Exactly a week ago, as my hairdresser ran a flat iron through my hair at 6AM for an entire day’s worth of taping for CGE TV In Da Loop, I focused on the weight of my phone in my hands, and the weight of my decision to break the ice. I readied myself for two possible outcomes of what I was about to go out on a limb for: the pleasant cessation of having to pretend the other doesn’t exist, and well, nothing. I don’t know why, but I felt it then in my gut that the latter seemed more likely. Oh, but I told myself I knew him enough to be a good guy. As I composed the message on Facebook, my hands went cold.

“Hey, stranger. :) How’ve you been?”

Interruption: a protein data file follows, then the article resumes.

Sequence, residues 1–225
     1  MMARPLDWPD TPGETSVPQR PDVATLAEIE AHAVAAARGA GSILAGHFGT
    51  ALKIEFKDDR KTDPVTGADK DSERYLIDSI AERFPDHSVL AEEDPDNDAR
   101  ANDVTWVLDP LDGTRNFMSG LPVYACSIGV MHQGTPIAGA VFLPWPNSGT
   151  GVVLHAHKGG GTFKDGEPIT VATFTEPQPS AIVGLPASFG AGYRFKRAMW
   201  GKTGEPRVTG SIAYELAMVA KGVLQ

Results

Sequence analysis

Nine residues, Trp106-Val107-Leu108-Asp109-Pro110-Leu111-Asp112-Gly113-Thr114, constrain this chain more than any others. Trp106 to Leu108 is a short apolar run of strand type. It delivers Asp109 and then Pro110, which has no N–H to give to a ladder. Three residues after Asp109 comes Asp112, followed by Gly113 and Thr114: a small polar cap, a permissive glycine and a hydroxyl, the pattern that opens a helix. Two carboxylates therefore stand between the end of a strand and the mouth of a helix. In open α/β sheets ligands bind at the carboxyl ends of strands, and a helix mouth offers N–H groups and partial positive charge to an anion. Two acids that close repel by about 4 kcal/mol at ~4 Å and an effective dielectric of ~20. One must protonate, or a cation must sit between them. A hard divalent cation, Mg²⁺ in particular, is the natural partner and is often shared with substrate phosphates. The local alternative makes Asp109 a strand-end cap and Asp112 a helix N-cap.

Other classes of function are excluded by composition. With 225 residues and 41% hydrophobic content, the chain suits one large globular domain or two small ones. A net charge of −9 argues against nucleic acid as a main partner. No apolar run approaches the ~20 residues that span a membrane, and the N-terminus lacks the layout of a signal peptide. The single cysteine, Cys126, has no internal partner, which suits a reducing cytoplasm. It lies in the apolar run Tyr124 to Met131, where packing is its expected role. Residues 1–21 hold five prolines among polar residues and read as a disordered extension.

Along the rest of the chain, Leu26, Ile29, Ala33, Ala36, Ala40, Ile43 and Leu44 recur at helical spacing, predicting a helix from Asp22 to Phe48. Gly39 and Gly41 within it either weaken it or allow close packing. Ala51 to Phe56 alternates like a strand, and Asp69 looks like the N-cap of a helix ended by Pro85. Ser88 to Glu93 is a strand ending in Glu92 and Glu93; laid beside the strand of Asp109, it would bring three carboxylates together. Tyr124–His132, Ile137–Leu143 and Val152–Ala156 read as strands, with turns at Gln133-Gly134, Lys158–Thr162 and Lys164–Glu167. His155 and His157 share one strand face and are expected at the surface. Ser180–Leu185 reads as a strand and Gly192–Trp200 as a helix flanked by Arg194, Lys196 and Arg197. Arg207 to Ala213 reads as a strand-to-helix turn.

I stared at it, hushed, suddenly wanting to delete everything and go back to the already familiar silence that took the place of sweet nothings, late night conversations and stupid, smitten laughter. I just sat there, almost marveling at my fear of getting nothing. Since when did nothingness become that terrifying? Probably since I knew that if he didn’t reply, it would ultimately mean he didn’t want anything to do with me anymore. The thought angered a little part of me, because if that was his intention all along, he should’ve just said it instead of being some odd withering memory settled in a corner of my mind. With that, I sent the message and went on with my day. See, I’ve always loved anger. It’s one of the most motivating emotions one can feel. Sadness debilitates you, while anger pushes you. If you have to feel something after being wronged, be angry. Channeled correctly, it can lead to a whole lot of self-improvement, and once the embers die, you’re left with a certain peaceful resolve. But maybe that’s just me.